The Benjamin Electric Ltd was founded in 1908, barely thirty years after the invention of the electric light bulb itself, and so could not have been accused of exaggeration when they described themselves to be the ‘pioneers of scientific industrial lighting’.
Operating out of an ever expanding complex of works and offices, first in Roseberry Avenue, Clerkenwell, then from a larger site in Tottenham, the firm’s fortunes grew steadily as a an industrial nation nursed on steam weaned itself slowly into the Electric Age.
In common with all British industry when the last war broke out Benjamin Electric contributed its expertise to the common struggle. Cockpit lighting in fighters and bombers were in heavy demand as were searchlights and more complex arrays for landing and signalling throughout the Kingdom and in all branches of His Majesty’s Armed Forces.
Benjamin also supplied armaments factories up and down the country with effective, reliable illumination through its hard wearing uncompromisingly practical products. The production lines that were the lifeblood of the war effort were kept alight beneath Benjamin Electric stock.
This was nowhere more important than at the Derbyshire Rolls Royce plant that manufactured the Merlin Engines which propelled both the Spitfire and the Lancaster Bomber to war. Engineers fabricated over 30,000 of these crucial engines, working night and day under Benjamin lights at the factory on Nightingale Road.
The low lying geography of the area and the unrelenting smoke screen maintained by the local Air Raid Precaution (ARP) units seemed to have spared the factory and its workers from the spite of German bombers until the morning of July 27 1942. On that summer morning a single low flying Dornier 217 did indeed hit the factory and the resultant loss of life was the largest single such incident for any air raid on the town of Derby.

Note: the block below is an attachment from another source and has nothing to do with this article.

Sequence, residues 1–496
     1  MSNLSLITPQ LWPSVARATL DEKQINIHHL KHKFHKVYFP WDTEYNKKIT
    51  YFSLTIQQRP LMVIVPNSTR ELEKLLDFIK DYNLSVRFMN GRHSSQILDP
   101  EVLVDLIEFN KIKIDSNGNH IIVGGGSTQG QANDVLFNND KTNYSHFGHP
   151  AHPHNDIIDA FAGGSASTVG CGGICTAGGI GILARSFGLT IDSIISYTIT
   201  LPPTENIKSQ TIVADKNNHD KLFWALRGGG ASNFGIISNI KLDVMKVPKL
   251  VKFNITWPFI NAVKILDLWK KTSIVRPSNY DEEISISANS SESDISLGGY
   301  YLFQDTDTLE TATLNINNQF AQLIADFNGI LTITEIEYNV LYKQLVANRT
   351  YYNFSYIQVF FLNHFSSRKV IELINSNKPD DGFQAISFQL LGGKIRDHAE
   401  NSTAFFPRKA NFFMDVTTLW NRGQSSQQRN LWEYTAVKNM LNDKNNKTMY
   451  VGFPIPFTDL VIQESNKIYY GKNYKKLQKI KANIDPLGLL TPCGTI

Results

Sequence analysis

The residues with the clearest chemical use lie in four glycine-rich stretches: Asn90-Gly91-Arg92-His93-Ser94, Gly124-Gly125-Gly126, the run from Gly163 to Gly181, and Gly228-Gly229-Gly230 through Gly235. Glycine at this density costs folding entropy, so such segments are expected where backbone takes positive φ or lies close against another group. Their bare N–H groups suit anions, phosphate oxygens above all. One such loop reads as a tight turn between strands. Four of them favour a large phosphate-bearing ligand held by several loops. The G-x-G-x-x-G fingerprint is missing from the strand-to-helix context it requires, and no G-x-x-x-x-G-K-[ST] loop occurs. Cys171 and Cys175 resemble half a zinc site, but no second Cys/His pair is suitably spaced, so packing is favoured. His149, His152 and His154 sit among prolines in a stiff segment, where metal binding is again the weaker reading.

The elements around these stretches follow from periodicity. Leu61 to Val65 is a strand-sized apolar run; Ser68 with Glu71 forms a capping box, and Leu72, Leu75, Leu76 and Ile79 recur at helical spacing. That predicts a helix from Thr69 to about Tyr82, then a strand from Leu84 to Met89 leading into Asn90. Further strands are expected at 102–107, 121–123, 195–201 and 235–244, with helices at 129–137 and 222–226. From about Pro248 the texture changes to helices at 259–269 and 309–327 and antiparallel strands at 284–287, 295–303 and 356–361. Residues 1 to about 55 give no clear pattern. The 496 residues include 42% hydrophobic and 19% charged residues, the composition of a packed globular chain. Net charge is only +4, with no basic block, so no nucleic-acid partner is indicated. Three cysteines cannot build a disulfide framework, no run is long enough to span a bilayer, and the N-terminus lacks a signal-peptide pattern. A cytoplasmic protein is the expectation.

The Nightingale works were, of course, back up and running as swiftly as possible manufacturing the very engines that would compel the enemy to, in the terrible phrase of Sir Arthur ‘Bomber’ Harris, ‘reap the whirlwind’.
Soon after Victory the Nightingale works returned their attention to the peaceful arts. The ‘best car in the world’, the Rolls Royce Silver Ghost, had been produced beneath the lights of the factory floor in Derby before wartime interruption and now could happily resume. Rolls Royce maintained motor production at the plant until the end of the 1990’s when the workforce was moved to alternative premises.
LASSCO was, as ever, on hand to salvage the relics of this historic site. The development of the land into a residential scheme has meant the demolition of many of the old factory buildings, although the magnificent marble entrance hall has been retained. Many of the early Benjamin Flurolier lights have been reclaimed from the factory floor and have been comprehensively rewired by us. We now offer them to customers as genuine relics of British industrial history and design.